Book a consult with a Tringali Vibrant Health Practitioner today, or call us to learn more about our elimination diet:
The Final Word on Food Allergies, Intolerances, and Sensitivities
When it comes to which foods our bodies can process, everybody and every BODY is different. What works for your spouse, your best friend, and neighbor may not work for you. You are probably already well aware if you have a food allergy. But, if you are experiencing severe bloating or diarrhea after eating dairy, you may not know that you have a lactose intolerance. And, you may think your exhaustion or eczema is condition outside and above of what you’re eating. But, you could very well have a sneaky food sensitivity.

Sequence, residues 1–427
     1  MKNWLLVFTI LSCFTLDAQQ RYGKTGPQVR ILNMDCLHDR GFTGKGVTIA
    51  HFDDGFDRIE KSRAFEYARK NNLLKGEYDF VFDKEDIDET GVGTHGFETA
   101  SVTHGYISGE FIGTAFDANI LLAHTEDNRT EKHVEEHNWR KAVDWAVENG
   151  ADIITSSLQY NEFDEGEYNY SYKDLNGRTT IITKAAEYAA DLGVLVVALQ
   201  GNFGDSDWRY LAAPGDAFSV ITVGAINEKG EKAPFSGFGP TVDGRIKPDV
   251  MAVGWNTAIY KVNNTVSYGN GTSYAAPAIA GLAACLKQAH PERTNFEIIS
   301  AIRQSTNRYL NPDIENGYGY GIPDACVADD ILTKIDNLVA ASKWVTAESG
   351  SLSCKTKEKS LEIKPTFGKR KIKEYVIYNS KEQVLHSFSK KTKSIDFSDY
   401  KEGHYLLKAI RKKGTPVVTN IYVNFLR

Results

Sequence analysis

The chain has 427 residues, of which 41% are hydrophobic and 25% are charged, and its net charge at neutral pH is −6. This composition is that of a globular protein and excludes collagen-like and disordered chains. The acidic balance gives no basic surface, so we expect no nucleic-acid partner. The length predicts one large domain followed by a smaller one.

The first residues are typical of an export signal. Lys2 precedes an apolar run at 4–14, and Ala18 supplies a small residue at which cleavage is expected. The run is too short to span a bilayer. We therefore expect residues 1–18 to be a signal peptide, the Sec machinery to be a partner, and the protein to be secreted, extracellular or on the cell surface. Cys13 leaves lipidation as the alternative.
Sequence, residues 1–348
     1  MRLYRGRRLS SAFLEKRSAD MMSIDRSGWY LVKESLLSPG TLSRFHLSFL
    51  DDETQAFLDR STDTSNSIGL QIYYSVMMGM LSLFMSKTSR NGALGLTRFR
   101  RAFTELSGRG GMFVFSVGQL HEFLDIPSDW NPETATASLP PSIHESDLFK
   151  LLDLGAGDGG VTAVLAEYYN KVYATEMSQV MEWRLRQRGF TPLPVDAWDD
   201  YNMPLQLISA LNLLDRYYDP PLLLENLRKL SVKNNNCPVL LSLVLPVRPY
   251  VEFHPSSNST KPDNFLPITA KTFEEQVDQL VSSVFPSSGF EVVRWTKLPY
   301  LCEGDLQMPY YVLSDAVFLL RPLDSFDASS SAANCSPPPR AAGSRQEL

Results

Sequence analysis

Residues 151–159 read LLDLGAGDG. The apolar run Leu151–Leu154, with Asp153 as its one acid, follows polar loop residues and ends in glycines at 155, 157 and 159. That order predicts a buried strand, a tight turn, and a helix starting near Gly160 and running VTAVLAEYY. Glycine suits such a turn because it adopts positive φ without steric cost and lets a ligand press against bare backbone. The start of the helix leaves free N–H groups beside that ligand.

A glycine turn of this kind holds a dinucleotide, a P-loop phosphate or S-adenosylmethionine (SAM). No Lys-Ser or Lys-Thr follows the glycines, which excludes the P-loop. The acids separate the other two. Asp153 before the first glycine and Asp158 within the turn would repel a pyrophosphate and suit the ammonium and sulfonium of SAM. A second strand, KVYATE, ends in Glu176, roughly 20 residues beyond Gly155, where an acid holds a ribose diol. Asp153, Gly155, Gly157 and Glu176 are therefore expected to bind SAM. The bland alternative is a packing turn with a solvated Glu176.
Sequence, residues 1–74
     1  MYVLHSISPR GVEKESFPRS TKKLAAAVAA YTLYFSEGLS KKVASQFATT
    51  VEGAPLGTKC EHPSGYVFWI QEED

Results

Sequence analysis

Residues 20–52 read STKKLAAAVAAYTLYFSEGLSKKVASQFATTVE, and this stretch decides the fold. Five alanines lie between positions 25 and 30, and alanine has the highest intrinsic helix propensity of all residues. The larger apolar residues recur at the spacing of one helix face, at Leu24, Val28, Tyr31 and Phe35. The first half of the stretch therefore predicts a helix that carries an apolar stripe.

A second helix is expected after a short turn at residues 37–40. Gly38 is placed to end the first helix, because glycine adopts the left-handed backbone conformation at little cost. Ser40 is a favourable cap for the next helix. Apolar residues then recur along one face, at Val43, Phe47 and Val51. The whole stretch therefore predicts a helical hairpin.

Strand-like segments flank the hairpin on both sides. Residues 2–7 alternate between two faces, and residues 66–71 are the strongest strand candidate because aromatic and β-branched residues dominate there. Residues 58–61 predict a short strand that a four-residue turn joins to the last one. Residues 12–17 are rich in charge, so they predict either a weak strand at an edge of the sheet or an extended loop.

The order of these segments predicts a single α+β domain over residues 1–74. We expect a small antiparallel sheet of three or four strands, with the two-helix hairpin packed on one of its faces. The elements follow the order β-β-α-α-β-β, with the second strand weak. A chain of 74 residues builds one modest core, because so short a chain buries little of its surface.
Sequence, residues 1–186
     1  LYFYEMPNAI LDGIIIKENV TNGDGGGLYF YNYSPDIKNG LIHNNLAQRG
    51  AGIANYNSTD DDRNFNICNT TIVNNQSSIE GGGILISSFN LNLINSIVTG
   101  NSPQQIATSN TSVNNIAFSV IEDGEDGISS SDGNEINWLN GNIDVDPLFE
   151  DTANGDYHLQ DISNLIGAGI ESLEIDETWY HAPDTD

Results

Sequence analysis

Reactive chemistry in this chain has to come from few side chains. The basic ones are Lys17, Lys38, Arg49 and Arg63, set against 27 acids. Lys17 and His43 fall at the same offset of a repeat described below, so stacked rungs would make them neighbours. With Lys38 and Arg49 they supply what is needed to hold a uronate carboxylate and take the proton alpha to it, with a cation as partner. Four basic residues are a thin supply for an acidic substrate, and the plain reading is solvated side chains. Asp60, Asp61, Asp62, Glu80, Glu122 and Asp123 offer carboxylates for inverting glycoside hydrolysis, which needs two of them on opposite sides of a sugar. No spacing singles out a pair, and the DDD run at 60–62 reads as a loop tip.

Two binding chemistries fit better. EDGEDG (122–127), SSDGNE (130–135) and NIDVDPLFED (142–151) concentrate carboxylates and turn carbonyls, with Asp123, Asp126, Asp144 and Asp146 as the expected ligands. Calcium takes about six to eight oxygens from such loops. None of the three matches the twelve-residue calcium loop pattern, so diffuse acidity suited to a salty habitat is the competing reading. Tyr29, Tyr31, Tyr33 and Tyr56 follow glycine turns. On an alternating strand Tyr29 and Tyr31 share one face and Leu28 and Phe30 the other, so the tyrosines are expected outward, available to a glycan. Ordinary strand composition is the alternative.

The good news is that many people experience vast improvements in the way that they feel after identifying intolerances and sensitivities and making real steps to removing them from their diet.
If you’re interested in learning more about how to reach optimal, vibrant health, book a consult at Tringali Vibrant Health. Our providers can test you for food allergies, intolerances, and sensitivities, as well as other specialized testing that will have you on your way to living your best and most VIBRANT life.
In VIBRANT Health
Elizabeth Tringali, PA-C